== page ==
Some motivations are good, others won’t affect your writing at all, and some will help you fail as a writer. Let’s start with the three in the opening sentence.
Only a small percentage of writers take their writing to the next level. I’m sure there are statistics for each transition just as I’m sure the numbers are all over the place depending on the source. I’ll go with the fiction that 10% take the step to the next level.
What stage are you at in your writing?
Will you take the next step?
What are these steps?
Since 2009, I’ve written many articles on prolific writing. The following are my 10 best.
On Free-writing and Spontaneous Writing describes two kinds of writing exercises that can get you pumping out words on days you can’t seem to get going.
How To Use Pulp Fiction Methods For Quality Writing talks about the advantage of using pulp fiction methods for writing first drafts.
Think Less – Write More is about turning off your internal editor and how to use the editor when it won’t shut up.
How to Think Like a Prolific Writer presents six methods that will help you think like a prolific writer.
Become a Master Writer in Only 10,000 Hours talks about the importance of writing as much as you can because writers are made, not born.
Prolific Writing is a Skill talks about the importance of continuing to learn as you write.
Six Secrets to Prolific Writing presents some common sense tips that will get you writing more.
Pulp Fiction – Feast or Foul? explains why writing pulp fiction is a bad idea and then gives reasons for you to give it a try.
Write More Daily is about overcoming distractions and taking steps to increase your productive writing.
Writer’s Block: Myth or Reality? teaches you how to develop the tools to wipe out writer’s block using problem specific cures, blanket cures, and methods that overpower writer’s block.
There are so many ideas here that you may not want to read them all in one sitting. On the other hand, you can always make notes. Every prolific writer has that skill. If you’re not a note taker already, today is a great day to start.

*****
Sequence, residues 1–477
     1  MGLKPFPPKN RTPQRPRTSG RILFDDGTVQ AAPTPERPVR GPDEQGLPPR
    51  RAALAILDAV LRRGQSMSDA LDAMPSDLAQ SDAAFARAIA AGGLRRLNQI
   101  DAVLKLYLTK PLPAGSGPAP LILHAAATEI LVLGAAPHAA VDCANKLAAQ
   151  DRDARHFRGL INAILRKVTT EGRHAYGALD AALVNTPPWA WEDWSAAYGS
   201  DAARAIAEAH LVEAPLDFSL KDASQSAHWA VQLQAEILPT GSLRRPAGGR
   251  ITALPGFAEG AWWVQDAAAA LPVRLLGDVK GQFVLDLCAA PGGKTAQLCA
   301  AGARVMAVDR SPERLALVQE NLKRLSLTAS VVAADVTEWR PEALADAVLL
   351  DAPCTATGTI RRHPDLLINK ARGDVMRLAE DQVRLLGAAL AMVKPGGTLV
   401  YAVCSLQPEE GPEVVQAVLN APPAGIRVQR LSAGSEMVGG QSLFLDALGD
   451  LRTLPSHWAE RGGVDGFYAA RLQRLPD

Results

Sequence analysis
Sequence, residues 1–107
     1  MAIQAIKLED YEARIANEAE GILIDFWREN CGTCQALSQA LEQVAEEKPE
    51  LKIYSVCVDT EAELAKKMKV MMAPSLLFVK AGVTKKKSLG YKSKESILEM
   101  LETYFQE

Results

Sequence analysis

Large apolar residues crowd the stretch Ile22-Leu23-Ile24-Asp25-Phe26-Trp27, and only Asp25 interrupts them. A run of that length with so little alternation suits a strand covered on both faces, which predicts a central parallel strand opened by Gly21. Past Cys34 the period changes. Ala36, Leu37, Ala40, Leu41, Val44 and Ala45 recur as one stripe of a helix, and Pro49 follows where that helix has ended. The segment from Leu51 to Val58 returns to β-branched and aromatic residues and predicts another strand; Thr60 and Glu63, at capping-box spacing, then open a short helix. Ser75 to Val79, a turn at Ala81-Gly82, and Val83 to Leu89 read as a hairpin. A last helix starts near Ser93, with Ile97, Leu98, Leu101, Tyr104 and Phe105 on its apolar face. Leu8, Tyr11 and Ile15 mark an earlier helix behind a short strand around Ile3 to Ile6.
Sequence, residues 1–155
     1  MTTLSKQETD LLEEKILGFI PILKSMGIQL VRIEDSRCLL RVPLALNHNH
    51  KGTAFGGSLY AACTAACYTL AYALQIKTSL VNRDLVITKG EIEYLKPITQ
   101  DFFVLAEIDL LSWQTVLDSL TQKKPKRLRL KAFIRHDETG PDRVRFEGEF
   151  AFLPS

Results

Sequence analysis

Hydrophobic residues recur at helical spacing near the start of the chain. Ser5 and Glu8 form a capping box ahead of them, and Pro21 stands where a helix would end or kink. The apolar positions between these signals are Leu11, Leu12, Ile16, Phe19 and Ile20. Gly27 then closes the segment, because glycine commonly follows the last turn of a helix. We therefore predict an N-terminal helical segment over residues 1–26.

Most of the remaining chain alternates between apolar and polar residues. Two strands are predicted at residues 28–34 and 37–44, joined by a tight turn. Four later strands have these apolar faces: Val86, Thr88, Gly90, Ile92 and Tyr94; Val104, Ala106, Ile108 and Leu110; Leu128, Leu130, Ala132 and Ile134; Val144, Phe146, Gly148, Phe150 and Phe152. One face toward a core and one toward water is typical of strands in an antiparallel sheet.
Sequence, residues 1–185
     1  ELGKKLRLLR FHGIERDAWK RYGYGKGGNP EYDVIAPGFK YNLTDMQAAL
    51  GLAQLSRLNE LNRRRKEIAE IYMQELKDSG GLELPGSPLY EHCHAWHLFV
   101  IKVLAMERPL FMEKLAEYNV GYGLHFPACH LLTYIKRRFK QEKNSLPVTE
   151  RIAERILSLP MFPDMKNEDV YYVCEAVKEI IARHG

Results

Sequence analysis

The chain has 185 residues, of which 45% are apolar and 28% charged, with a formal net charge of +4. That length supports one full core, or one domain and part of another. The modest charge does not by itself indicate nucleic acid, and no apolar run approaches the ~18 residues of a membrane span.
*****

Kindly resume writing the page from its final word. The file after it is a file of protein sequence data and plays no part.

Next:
Article by Ivan Izo.
Motivation is highly overrated. If you’ve set yourself a daily writing goal, you need to do it whether you feel like it or not. That’s what makes you a writer. This post talks about articles, but it could just as easily be about short stories or chapters in a novel or non-fiction book.
If you have many articles in progress, simply reading through them will lead to working on them. You’ll think of ideas and information you want to add. Keep cycling through article ideas, outlines, first drafts, second drafts, and final drafts. You know this works.
If you don’t have any articles in progress, make some up. Don’t worry about starting with sensible ideas. You feel like doing nothing. Waste some time with silly ideas. Write enough on a silly thought and some sense often comes out of it.
More on this, did you say?
There are several tasks that must be done if you want to make it as a writer selling ebooks online. I’ll say first that I haven’t started yet. Even if I was selling novels already, I wouldn’t know which part of this worked. I say they must all be done, but I’m ignoring some until I have the first book up for sale. If you think some steps are unnecessary or that I missed one, let me know.
There’s an interesting talk on TED about goal setting. Psychologists ran an experiment to see how sharing goals helped with achievement. They found that when you share a goal with others, you then feel the satisfaction of having completed that goal and it makes the goal harder to complete. Getting that satisfaction decreases the perceived reward for finishing.
An article a day is a fine goal. Ten thousands words a day is a better one. It may be impossible for most of us, but some big name writers are doing it, given the number of books they put out.
I like setting tough goals for myself, just a little higher than I believe possible. I may fail to achieve them, but get more done than I would with a lesser goal.
I’ve written a lot about prolific writing in earlier articles. You may think I’m trying to promote pulp fiction, but my main goal has been to help you (and me) to write more. Pulp fiction methods are a way to write a first draft fast. Start with a quality synopsis and outline, write a quick sloppy smash-through-all-obstacles first draft, and finish with quality revisions. The final novel won’t be pulp.
The more you write, the better you write, especially if you keep learning and experimenting. This challenge is my latest writing experiment.